What to do if Your Book is Too Long or Too Short

 This is often a problem for writers, both new and emerging. Each genre carries with it a certain expectation in terms of word count. Roughly, these are along the lines of:

Full length novel: 80,000-100,000 words
Light fiction- 70,000-85,000 words
YA- 45,000-70,000 words
Middle-grade- 10,000-25,000 words. 

 There are exceptions to these, for instance fantasy and sci-fi tend to be longer to allow for word-building, and many writers, like myself, find that there’s a gap between middle grade (which is usually considered to be for ages 8-10) and YA (which tends to be for 14+). My own book is aimed at ages 11-14 and is about 35,000 words. Sometimes you hear this genre referred to as ‘teen’. I’d say between 25,000 and 45,000 is about right for that age group. 

 If you want to be traditionally published then you need to pay attention to the length of your work. Too short or too long for your genre and a lot of agents and publishers will be put off. 

 But, I hear you say, what if I self-publish? Surely then I can do whatever I want? You certainly have more leeway, but remember that your audience will still have expectations in regard to length. Many will not be happy if they pay the price for a full length novel, only to find it’s just 40,000 words. This would put it in the novella category, which is fine, but you’d need to market and price it as such. 

 There can also be problems with self publishing a book that’s too long. For example, a writer friend of mine was recently informed by Amazon Createspace that they couldn’t upload her book because there were too many pages. 
So, how can we fix these pesky length problems? 

Too Short

 I made this mistake in my first novel. The problem was, I had a premise, not a plot. I got to about 16,000 words and thought I was halfway through. Then I googled how many words a novel should be and found I had another 59,000 to go! I had to throw in several subplots to keep the story going. So if your story is too short, consider whether you actually have a proper plot. I found this blog post enormously helpful when working that out.

 Look at your secondary characters too. Give them a character arc of their own. Not so prominent as your protagonist’s of course, but they need to be real people, not just puppets in the background. To my first novel I added a manipulative friend, a secondary romance, a sensitive mother, a misleading neighbour and a suspicious brother. And a duel. The book was a lot better for the layers this added and I got it to 77,000 words. (It’s currently being serialised on Channillo.com)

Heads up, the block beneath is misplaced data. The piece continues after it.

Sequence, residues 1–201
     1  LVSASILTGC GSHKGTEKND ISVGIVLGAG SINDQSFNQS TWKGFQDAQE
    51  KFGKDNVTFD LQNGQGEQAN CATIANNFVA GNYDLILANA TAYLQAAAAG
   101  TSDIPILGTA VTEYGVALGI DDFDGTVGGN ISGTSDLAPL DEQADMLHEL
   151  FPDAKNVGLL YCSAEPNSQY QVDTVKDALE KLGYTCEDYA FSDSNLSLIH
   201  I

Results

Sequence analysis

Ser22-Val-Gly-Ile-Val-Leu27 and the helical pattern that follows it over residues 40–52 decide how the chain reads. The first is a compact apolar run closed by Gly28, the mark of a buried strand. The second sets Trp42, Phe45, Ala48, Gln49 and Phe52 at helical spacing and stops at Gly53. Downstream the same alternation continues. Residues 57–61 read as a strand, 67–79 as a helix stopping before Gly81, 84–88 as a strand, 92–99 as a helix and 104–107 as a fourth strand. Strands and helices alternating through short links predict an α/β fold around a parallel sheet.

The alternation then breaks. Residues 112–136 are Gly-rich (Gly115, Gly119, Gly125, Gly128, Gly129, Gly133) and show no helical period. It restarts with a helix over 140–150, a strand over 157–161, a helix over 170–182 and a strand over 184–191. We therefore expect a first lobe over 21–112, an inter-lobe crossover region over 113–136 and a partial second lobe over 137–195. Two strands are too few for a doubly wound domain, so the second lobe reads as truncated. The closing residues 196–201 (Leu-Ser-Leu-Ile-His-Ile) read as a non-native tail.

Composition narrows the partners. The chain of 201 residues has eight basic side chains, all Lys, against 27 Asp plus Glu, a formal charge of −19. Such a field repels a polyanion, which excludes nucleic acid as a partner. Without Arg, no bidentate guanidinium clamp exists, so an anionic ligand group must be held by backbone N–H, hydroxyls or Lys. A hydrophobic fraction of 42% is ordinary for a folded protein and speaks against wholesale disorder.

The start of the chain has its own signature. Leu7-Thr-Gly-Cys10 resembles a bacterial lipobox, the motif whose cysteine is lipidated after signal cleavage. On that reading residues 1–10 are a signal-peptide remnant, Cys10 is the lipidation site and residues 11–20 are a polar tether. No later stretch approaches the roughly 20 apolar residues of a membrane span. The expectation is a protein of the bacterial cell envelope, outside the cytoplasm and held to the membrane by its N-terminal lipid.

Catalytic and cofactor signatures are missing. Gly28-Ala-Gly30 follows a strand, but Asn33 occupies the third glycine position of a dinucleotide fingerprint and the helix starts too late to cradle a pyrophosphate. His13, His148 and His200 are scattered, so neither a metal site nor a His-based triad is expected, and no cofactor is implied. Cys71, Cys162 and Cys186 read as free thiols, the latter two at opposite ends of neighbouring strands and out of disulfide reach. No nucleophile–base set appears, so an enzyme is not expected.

If you thought you had a series in mind but the first one comes up significantly short of your intended word count, try blending two books together. 

 Too Long

If your book is over 100,000 words you should definitely consider cutting it down. A publisher is unlikely to consider it at that length, and as mentioned before, it will probably be too long for Amazon Createspace too. You have two options with this:

1. Edit it and cut out all unnecessary scenes and words. The fact is that if your book is too long, the most likely reason is that you haven’t edited it enough. Remember, you have to kill your darlings! If it doesn’t move the story along then it has to go. 

2. Turn it into two books. If you’ve edited it as much as you can and can’t possible cut anything else out, and it’s still over 100,000 words, then it’s because you have too much story to tell. You have a series on your hands! Find, or make, a break in the book and turn it into two. It can be quite a lot of work to do this, but worth it. 

 So, that’s what I do when my book comes out too long or short. What do you do? 


5 thoughts on “What to do if Your Book is Too Long or Too Short

  1. Susie Murphy says:

    This is the kind of thing I needed to read four years ago when I first started trying to get published. At the time, I was so proud of the fact that my novel had reached 180,000 words…


    Of course, I learned the hard way that such a word count was absolutely ludicrous. After attempting to edit it down, I ended up doing what you suggested above and actually split it into three books.

    I hope plenty of budding writers see your post, as I can say from experience that it is really sound advice!

    Liked by 2 people

    • bewritingblog says:

      Thanks so much Susie, that means a lot! Unfortunately, even some quite experience writers seem to have this idealized view that ‘a book is as long as it needs to be.’ I wish that were so, but it’s simply not the case! It’s a shame you had to find out the hard way, but at least you had the courage to do something about it. I do hope this post helps other writers to do the same if they need to.

      Liked by 1 person

      • Susie Murphy says:

        It was really daunting to tackle it but if I wasn’t prepared to put the work in to fix it then I may as well have given up on it four years ago! The mantra is ‘make your book the very best it can be’ – and if that means ripping it apart to do so, then so be it. 😉

        As you say, plenty of published authors could learn from this too. (Hey, George R.R. Martin…) They are definitely good guidelines to stick to!

        Liked by 1 person

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